Importance of marketing in the success of an organization

By Abhinash on November 12, 2013

The meaning and importance of marketing has been expressed differently, albeit in similar context, by various researchers through history. Kotler and Keller (2006) state that the financial success of a product depends on its marketing ability.  Understanding the significance of marketing objectives enables managers to obtain the information needed to think through the implications of choosing a position in the market.

Understanding the concept of marketing

Marketing as a concept has been expressed differently by various researchers, but all these definitions revolve around a central object, known as the consumer (Kotler, 2002; Perreault, 2007; Berkowitz, 2010). Most definitions also point out to a singular aspect as the primary function of marketing: creating customer value and satisfaction. Marketing is quintessentially the delivery of customer satisfaction in exchange for a profit (Kumar, 2001, p. 1). As such, the twofold goal of marketing is to attract new customers by promising superior value and to retain current customers by maximizing satisfaction.

The most widely accepted definition of marketing was given by the American Marketing Association (AMA, 2004): “Marketing is an organizational function and a set of processes for creating, communicating, and delivering value to customers and for managing customer relationships in ways that benefit the organization and its stake holders”. However, this definition was revised in 2007 when AMA decided that marketing was not merely a function, but a set of practices which can be undertaken throughout an organisation.

One of the earliest definitions of modern marketing was given by Felton (1954) who stated it as “A corporate state of mind that insists on the integration and coordination of all the marketing functions which, in turn, are melted with all other corporate functions, for the basic purpose of producing maximum long range corporate profits”. The Chartered Institute of Marketing (CIM) gives a somewhat similar definition, which stress that marketing is not merely a concept: “Marketing is the management process responsible for identifying, anticipating and satisfying customer requirements profitably” (CIM, 2006).

Marketing strategies leading to the success of the organization

Koli and Koli (2009) list several reasons why marketing may lead to the success of an organization:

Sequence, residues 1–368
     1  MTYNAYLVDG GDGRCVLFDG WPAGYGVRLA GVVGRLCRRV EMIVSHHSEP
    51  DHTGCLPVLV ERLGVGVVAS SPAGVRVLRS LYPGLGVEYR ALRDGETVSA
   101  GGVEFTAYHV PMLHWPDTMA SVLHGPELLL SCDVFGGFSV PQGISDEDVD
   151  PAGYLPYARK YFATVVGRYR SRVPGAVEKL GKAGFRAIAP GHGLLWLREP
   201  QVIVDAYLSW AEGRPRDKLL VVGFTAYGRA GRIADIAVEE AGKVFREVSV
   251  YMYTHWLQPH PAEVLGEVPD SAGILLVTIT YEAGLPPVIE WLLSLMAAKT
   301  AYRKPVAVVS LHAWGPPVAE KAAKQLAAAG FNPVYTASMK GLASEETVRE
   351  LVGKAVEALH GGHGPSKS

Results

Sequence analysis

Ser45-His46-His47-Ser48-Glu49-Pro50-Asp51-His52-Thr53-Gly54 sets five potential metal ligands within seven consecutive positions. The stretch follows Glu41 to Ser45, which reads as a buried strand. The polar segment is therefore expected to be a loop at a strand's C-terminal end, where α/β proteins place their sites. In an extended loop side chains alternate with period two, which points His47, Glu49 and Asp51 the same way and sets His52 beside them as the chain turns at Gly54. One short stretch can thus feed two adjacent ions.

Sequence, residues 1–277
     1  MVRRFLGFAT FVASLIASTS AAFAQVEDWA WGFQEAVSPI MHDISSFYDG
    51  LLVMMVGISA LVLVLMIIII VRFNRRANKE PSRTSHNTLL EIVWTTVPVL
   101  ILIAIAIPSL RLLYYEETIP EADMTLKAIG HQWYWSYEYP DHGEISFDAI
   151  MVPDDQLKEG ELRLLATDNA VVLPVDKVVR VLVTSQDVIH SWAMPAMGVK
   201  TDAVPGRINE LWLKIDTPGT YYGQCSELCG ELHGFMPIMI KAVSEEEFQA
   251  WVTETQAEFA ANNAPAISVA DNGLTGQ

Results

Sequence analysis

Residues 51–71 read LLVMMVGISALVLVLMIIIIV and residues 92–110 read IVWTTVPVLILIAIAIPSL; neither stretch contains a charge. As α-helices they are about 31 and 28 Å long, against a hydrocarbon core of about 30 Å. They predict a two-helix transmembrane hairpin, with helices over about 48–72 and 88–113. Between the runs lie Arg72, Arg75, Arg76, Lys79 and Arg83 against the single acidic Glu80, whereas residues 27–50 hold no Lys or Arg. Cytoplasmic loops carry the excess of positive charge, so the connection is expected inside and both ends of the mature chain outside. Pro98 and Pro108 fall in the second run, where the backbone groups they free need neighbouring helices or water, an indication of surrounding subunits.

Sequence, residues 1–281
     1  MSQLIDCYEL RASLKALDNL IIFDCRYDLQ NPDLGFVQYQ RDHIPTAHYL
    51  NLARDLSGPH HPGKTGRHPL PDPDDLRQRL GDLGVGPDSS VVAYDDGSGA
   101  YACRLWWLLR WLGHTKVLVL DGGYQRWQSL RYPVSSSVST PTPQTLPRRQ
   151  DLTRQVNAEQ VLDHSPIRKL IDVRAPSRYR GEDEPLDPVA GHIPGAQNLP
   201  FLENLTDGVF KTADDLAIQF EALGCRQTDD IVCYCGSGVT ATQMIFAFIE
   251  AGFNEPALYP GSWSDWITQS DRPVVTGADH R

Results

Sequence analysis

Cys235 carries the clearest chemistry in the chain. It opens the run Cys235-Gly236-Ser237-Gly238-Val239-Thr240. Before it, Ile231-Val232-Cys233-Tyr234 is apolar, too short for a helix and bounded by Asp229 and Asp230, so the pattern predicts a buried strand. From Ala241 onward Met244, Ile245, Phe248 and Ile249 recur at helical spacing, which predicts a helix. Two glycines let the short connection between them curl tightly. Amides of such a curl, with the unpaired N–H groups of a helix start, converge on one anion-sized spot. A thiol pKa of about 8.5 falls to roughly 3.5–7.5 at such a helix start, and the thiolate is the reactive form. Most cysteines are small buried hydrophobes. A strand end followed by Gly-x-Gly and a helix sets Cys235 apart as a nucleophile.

1. Creating customer loyalty.
  2. Innovation and reducing cost per unit to enable large scale production.
  3. Maximizing sales by creating goodwill.
  4. Recognizing customer needs and wants and creating products accordingly by obtaining market information.

Marketing acts as the link between the business and the consumer. According to Botha (2005), this is important because these gaps must be addressed by the organization accurately, in a timely manner. Similarly, McCarthy and Perreault (2008) list seven gaps in this context:

  • Space gap: Geographical distances between the organization and consumers.
  • Time gap: Gap between production time and consumption time.
  • Information gap: Gap between what consumers want and what organisations produce.
  • Value gap: Gap between the value consumers expect and organisations deliver.
  • Ownership gap: Gap between transfer of ownership from manufacturer to consumers.
  • Quantity gap: Gap between quantity needed in the market and organisations produce.
  • Assortment gap: Gap between the assortment consumers expect and manufacturers deliver.

Similarly, Kurtz et al (2009) assert that obtaining market information and delivering the right product or service to the customer are two of the most essential functions of marketing. This leads to the success of the product or service.

A well- implemented marketing strategy not only consists of a well-developed plan to inform and persuade the customer to avail a particular product, but also to understand their needs and expectations.


  • Koli, L. & Koli, P. (2009). Upkar’s Marketing Knowledge. Upkar Prakashan, New Delhi.
  • Kurtz, D.; MacKenzie, H. & Snow (2009) “Contemporary Marketing”. Nelson Education, Canada.
  • Felton, AP (1959) Making the marketing concept work. Harvard Business Review 37, 55-56.
  • Berkowitz, E. (2010): “Essentials of Health Care Marketing” LLC: Joanes and Bartlett.


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